When Olympus released the C-2020Z, I bought one to replace my 2000. In most every respect the 2020 was the camera the 2000 should have been. The things I liked about the 2000 were still there; everything I disliked was gone. And I was happy once again, ignoring Olympus's ongoing efforts to entice me with new models. The 3030 arrived with higher resolution, USB connectivity and a burst mode that let you take multiple pictures without waiting for the camera to write them to the memory card. The 3000 came, a cheaper 3030 with the resolution and a better price. Then came the 2040 and 3040, new versions of the 2020 and 3030 with a faster lens and a USB connection that lets a computer treat the camera like an external disk. And still I was unmoved.
The C-4040Z was the camera that convinced me it was time to upgrade. This is a beautiful little device, packing more into that small but substantial package than I would have thought possible. Higher resolution, more than double that of my 2020. A new user interface that's convenient, elegant and even customizable. And it even takes okay pictures!
While I waited impatiently for my Australia trip and the chance to put the new camera through its paces, I decided to run a little experiment and determine just how much one gives up to get a little more light sensitivity. The pictures below were taken using room light. The camera was at its widest angle setting, to get the benefit of the F1.8 lens opening. At ISO 100 the exposure time was almost a second, dropping to a quarter of a second at ISO 400. Needless to say, all three pictures were taken using a tripod. I also used the remote control to operate the shutter, so even my shaky hands couldn't affect the experiment.
All pictures were taken at the camera's maximum resolution of 2272x1704 pixels. The top row of clips are linked to 640x480 images cropped from the middle of each picture. Aside from a slight loss of resolution during saving, they are identical to the original images. The second row shows a bit of detail at the actual resolution of the camera, so you can see the effect changing the ISO rating has on the image.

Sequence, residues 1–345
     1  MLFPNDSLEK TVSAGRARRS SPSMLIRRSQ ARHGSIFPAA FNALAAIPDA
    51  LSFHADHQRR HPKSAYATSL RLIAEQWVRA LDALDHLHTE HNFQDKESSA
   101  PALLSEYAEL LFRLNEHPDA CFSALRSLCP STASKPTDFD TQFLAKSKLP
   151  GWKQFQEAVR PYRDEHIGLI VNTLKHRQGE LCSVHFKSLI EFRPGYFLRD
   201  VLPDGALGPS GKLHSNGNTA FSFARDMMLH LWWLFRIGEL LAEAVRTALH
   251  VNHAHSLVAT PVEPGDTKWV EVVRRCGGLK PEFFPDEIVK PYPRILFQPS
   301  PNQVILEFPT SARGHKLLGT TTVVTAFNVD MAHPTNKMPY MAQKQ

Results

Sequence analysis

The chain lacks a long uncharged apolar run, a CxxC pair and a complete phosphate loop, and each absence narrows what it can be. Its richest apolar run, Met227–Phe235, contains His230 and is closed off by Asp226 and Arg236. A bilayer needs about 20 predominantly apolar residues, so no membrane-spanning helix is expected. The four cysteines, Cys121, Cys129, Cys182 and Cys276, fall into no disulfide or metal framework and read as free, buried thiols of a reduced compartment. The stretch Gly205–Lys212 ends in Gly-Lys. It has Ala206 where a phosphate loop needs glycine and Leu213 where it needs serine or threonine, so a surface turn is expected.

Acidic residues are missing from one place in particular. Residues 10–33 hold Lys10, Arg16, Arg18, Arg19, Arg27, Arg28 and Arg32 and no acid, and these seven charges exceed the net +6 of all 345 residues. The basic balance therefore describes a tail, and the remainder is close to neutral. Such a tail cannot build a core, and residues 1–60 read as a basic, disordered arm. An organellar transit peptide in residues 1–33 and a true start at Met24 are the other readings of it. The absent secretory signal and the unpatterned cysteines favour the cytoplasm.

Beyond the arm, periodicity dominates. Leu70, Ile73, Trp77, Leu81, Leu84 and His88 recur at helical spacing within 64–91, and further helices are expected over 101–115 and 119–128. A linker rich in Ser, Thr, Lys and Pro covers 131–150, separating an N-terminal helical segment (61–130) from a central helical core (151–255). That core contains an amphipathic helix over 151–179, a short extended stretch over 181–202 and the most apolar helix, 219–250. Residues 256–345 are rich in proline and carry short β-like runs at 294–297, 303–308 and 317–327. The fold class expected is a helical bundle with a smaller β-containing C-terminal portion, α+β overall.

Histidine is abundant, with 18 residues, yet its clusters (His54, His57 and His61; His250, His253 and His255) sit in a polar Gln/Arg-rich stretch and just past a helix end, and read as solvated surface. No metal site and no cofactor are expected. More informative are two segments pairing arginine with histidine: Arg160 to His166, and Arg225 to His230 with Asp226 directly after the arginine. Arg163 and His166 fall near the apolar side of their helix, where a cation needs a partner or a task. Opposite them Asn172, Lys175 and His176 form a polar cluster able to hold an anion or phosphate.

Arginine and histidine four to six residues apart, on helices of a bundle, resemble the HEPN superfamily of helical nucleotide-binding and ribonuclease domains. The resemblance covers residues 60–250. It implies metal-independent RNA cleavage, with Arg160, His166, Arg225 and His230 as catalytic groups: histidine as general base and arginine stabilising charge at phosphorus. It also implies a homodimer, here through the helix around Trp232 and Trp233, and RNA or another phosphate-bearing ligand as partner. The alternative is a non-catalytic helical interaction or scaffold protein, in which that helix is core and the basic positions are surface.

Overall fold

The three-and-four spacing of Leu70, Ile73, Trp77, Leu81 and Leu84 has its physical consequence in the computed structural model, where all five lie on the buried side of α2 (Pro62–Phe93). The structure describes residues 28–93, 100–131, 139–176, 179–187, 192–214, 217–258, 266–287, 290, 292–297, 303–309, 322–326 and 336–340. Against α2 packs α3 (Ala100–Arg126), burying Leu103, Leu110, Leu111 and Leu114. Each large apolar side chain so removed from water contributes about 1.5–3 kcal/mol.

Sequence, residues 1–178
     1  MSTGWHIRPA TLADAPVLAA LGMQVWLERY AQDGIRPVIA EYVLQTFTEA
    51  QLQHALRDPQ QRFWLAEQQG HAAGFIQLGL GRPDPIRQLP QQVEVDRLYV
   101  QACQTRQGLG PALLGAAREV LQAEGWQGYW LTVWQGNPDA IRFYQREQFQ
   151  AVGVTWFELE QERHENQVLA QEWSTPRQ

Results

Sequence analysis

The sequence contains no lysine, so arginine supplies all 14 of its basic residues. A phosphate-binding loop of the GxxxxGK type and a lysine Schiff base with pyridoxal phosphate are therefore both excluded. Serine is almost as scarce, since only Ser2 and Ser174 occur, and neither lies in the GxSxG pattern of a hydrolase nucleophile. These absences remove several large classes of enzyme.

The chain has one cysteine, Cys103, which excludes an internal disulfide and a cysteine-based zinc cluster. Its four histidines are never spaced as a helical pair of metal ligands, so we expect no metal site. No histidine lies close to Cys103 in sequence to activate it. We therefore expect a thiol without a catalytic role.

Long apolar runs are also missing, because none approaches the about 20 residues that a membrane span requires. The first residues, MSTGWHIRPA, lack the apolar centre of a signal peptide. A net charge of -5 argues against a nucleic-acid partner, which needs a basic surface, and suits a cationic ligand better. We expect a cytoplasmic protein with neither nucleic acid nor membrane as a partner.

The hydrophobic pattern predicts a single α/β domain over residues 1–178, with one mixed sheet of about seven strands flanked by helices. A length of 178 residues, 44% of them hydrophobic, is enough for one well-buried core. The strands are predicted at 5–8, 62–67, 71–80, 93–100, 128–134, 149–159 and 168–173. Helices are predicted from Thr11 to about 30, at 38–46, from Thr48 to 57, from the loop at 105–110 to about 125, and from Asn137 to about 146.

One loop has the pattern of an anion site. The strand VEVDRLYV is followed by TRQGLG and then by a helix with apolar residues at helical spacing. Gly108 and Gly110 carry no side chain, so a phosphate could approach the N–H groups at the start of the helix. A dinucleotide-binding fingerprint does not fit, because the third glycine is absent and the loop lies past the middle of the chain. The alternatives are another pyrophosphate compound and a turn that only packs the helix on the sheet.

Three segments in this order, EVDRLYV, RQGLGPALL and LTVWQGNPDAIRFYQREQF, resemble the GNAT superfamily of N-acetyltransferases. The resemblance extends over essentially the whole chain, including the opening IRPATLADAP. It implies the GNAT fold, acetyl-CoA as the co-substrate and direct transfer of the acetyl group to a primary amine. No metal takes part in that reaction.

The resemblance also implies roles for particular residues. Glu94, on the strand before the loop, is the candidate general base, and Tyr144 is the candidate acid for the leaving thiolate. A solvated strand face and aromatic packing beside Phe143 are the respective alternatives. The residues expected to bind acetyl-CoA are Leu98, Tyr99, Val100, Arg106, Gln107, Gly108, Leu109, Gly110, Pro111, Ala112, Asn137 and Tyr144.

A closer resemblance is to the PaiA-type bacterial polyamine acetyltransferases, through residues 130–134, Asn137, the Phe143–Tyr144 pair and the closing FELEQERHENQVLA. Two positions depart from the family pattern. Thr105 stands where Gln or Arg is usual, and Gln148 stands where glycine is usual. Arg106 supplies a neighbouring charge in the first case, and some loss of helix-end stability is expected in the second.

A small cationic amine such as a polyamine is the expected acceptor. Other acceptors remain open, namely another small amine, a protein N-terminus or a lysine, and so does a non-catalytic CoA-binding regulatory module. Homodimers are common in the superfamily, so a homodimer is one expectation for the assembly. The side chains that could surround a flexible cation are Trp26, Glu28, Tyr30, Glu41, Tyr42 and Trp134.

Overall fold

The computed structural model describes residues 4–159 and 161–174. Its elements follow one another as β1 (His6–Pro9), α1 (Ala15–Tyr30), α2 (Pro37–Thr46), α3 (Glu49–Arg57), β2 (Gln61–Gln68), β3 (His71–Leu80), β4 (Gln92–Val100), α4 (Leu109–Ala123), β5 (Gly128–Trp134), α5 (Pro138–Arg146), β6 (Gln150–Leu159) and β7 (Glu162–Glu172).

|ISO 100||ISO 200||ISO 400|
The results are what one would expect: there ain't no such thing as a free lunch. Increase the camera's ability to work in low light and you increase the noise in the sensor. As the ant in the detail clip clearly shows, the smooth detail at ISO 100 becomes positively pixelated at ISO 400. Interestingly, the size of the files increases with the increase in ISO rating. That too is logical; the more noise in the image the less smoothness for the JPEG compression algorithm to use in shrinking the file.
Among the many, many features Olympus tossed into the 4040 is in-camera noise reduction. It's intended to reduce the noise that builds up in the CCD during long exposures. I decided to reshoot the same images with this feature enabled to see what effect it would have on the fine detail of our little Antz friend. Although these exposures weren't all that long, would enabling noise reduction make any visible difference?
|ISO 100 w/NR||ISO 200 w/NR||ISO 400 w/NR|
There are two differences visible between the two sets of images: the reduction in pixelation in the fine detail; and an increase in brightness in the pictures taken with noise reduction enabled. I have to attribute this second difference to NR. All the pictures were taken within the space of a minute, with no change to available lighting or the position of the camera or tripod.
Clearly, noise reduction can improve image quality on long exposure images. The difference is most pronounced on the ISO 400 image, which isn't a big surprise. We can still see some pixelation, although there's a lot less than in the picture above. The camera did a pretty good job of cleaning up after itself. Although if I really care about the image I'd probably prefer to leave that task to software running on my computer.
I also wanted to give the 4040's closeup capabilities a good workout. The four pictures below are some samples of the flora I found on my visit to western Victoria. They were shot at 2272x1704 and then cropped to 1920x1440 for the full size images. Aside from the application of a bit more JPEG compression to reduce the file size, they are unchanged from the files produced by the camera. I've also provided half size (960x720) and one third size (640x480) versions of the images.
Full Size (184k)
Half Size (60k)
1/3 Size (32k)
Full Size (236k)
Half Size (84k)
1/3 Size (48k)
Full Size (280k)
Half Size (92k)
1/3 Size (52k)
Full Size (208k)
Half Size (72k)
1/3 Size (40k)
As you might imagine, getting the focus right is the most critical aspect of taking good closeups. I discovered the hard way that the viewfinder is useless; thanks to parallax, I'd inevitably end up focusing on something other than the flower. But the LCD was bright enough for these situations. If the focus is better on one picture than on another, it says at least as much about my lack of patience than it does about the camera.
Comments to: Hank Shiffman, Mountain View, California